Our hospital has a list of approved abbreviations. It is shorter than the list I had to memorize during my training. The reason some long-established abbreviations have been banned is their similarity to other abbreviations with different meaning. Even when doctors type orders instead of writing them by hand, the concern is that nurses and pharmacists may mistake them for something other than what the doctor ordered.
For this reason both QID (quater in die; four times a day) and QD (quaque die; once daily) are off the list; a hurried nurse or pharmacists could inadvertently quadruple a patient’s daily dose by imagining an “I” that wasn’t there to begin with.
At the local pharmacy, thanks to e-prescribing, we are forced into a specificity we weren’t tied to before:
Gone is the universal “QS”, (quantum sufficat; sufficient quantity), which made it the pharmacist’s responsibility to figure out how many pills it takes to do a prednisone taper with 6 pills the first two days, 5 the next two, then 4 a day for two days etcetera until zero.
“QS” also got us doctors off the hook with liquid medicines for children; while the printed “Monthly Prescribing Reference” listed the size bottles all the common antibiotics come in, the new e-prescribing software doesn’t tell us that. Consequently we have to prescribe the exact volume needed for a full course, hoping there is a bottle of just that size or that the pharmacist will be allowed to pick the closest size up without having to call us back.
“Ad Lib” (ad libitum; “freely as wanted”) has fallen by the wayside in medicine, and now seems mostly a term used in theater, public speaking or music.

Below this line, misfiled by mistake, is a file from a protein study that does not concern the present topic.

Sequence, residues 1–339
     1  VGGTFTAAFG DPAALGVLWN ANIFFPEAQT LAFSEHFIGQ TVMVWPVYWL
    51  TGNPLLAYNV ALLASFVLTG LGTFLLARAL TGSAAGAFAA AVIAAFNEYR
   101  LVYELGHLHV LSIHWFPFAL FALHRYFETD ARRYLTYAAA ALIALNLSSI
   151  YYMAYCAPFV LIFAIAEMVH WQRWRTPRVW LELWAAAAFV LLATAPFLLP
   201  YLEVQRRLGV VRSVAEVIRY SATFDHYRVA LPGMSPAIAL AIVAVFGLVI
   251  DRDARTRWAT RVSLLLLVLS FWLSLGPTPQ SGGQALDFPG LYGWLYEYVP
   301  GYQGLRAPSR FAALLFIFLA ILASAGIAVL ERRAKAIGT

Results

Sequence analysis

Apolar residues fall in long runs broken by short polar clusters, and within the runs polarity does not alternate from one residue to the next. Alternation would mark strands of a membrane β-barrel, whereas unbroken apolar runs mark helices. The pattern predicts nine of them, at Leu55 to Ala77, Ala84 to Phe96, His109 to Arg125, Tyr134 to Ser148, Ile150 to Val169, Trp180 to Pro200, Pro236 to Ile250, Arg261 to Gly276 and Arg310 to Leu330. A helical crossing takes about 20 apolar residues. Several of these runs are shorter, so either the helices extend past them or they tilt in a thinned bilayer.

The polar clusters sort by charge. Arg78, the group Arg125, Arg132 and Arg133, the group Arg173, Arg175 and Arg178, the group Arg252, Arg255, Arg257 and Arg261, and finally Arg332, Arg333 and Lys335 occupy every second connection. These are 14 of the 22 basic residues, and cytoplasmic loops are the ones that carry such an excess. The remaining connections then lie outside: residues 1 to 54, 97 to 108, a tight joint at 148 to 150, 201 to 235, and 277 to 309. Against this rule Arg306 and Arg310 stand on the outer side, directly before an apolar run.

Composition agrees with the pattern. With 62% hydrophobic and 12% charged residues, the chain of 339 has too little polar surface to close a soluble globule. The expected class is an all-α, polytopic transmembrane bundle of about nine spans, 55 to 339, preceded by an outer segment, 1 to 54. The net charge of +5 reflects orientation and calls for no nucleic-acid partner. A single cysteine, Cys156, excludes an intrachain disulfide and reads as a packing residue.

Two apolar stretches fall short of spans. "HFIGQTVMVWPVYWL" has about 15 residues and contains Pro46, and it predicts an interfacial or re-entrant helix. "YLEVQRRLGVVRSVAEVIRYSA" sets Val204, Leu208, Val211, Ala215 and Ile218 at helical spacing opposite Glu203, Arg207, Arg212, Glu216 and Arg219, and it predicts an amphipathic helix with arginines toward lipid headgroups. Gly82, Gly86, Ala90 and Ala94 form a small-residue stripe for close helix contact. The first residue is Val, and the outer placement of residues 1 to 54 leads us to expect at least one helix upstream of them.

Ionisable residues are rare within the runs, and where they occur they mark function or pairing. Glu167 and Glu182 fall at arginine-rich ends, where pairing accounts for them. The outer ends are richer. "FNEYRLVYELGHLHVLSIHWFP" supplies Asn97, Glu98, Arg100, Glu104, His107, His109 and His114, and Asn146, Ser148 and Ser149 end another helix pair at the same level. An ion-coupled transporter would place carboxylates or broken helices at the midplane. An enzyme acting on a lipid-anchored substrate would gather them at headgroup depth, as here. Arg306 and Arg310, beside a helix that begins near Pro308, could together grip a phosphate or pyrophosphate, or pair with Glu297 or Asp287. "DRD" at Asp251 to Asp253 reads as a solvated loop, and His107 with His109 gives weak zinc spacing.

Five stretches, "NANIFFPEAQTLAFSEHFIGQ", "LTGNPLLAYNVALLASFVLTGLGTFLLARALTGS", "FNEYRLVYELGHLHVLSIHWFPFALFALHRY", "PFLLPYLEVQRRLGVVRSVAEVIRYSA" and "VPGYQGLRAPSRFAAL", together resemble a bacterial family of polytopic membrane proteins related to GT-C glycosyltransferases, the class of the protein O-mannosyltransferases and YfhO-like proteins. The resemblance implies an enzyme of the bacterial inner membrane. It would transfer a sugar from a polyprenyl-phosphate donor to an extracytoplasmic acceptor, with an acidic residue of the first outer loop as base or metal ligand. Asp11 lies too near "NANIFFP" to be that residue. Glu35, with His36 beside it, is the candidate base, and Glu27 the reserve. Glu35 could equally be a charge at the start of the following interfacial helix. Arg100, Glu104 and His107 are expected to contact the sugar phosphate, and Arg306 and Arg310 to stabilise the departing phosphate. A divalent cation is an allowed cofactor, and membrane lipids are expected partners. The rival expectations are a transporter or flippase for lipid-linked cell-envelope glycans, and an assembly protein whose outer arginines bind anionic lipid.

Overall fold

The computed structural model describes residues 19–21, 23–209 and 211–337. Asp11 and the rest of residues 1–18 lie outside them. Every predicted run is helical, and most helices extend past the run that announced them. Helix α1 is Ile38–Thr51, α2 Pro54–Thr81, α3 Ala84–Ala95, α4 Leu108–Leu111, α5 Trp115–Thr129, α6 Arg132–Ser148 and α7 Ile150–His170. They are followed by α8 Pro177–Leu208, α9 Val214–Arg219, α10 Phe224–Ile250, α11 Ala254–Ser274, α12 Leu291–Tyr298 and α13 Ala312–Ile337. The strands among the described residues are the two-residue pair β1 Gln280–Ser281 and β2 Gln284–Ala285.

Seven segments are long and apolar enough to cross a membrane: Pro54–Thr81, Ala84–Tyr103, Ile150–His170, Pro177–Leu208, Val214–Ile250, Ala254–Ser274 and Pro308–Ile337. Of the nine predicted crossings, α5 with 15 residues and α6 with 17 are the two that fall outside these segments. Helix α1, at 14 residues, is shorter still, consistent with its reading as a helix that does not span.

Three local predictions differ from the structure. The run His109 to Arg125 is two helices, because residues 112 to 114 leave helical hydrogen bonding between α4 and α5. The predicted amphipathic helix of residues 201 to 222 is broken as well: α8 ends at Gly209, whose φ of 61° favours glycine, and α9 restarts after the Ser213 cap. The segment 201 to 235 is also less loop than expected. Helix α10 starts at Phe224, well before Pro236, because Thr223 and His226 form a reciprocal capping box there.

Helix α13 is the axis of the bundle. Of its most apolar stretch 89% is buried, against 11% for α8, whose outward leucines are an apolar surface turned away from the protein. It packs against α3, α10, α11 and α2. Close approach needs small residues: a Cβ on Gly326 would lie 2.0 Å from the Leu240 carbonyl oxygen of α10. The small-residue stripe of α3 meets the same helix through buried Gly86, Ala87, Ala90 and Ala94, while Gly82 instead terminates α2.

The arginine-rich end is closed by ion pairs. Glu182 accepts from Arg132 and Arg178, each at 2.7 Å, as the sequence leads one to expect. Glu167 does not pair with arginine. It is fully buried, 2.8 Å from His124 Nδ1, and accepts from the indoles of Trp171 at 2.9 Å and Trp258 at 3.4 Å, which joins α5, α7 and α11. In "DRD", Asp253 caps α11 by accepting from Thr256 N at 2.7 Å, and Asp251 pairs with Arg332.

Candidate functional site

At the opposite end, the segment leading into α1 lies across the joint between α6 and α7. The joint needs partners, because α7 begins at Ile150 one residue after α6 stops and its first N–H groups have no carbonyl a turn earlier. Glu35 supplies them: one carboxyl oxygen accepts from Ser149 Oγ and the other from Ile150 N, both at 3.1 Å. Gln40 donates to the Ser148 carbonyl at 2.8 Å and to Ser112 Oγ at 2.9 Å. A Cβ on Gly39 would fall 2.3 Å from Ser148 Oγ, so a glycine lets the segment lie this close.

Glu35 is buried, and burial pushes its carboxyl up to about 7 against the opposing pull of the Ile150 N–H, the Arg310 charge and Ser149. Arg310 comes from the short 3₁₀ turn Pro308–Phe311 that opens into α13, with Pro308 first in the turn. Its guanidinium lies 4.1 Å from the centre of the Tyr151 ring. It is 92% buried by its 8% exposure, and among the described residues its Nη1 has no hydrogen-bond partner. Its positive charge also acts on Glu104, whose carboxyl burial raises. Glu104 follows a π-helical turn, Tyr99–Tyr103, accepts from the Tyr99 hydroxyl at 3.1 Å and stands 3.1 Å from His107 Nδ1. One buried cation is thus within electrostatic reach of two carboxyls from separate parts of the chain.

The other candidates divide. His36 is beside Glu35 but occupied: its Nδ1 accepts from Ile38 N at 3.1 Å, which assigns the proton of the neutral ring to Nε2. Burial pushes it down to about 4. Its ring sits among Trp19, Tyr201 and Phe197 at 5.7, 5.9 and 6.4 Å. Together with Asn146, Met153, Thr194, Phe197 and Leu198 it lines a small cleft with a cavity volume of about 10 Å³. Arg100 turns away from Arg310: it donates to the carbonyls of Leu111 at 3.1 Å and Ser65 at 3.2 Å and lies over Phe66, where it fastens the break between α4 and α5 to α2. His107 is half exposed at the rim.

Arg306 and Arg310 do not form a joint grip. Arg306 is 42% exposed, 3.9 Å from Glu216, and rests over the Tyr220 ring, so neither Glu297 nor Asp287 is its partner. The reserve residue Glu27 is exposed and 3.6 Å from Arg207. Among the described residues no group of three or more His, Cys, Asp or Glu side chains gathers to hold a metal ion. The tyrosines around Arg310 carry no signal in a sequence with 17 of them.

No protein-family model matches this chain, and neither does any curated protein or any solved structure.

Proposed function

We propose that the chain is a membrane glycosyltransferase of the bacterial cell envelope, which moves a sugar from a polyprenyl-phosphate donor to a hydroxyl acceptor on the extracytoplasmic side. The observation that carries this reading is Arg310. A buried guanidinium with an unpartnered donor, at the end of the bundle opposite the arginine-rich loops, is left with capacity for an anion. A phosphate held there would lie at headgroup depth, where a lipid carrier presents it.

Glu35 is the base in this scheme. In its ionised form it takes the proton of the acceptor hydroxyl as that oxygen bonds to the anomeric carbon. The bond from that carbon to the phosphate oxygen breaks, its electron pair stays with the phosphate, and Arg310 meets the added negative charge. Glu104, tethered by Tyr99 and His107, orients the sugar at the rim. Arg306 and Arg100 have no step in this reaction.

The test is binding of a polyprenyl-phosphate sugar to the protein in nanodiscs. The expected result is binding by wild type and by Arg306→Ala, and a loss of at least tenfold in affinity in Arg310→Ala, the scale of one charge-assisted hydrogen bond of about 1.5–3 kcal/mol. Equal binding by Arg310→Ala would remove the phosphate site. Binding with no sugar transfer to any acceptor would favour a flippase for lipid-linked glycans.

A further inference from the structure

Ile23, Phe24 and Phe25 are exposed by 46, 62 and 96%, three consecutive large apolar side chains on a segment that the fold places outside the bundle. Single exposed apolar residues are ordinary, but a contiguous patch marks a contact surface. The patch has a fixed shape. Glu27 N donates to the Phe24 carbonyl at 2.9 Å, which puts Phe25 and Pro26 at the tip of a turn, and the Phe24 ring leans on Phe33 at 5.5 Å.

Curiously, a theatrical synonym for ad libitum, extempore, was often used in my native Sweden for a custom prescription, usually for a cream or ointment, less often a hand-made capsule or pastille. In the United States, this term is seldom used, although the concept of specially compounded medications is not uncommon.
“PRN” (Pro Re Nata; “as the circumstance arises”) seems to have survived the abbreviation cutbacks. It allows the patient or caregiver to use the medication as needed.
Prescriptions were historically a vehicle for doctor-to-pharmacist communication that was written specifically to exclude the patient. This is to some extent why so many abbreviations were used. Somewhere near the bottom of most prescriptions typically was the word Label with a check box in front of it. Only when checked did the patient get to see the name of the medication on the bottle. That was before the era of informed consent, but the word and the check box can occasionally still be found on prescriptions.
Abbreviations and secret symbols still find their way into modern medical jargon and documentation, even if they are not allowed on prescriptions or in hospital records, from the handwritten Ψ for psychiatry or psychiatric to classics like GOMER – Get Out of My Emergency Room, ETKTM – every test known to man, and FF – Frequent Flyer, to some newer ones like:
PJAR – Person Just Ain’t Right
SALT – Same As Last Time
TMB – Too Many Birthdays, and
GOK – God Only Knows
Every profession needs its abbreviations…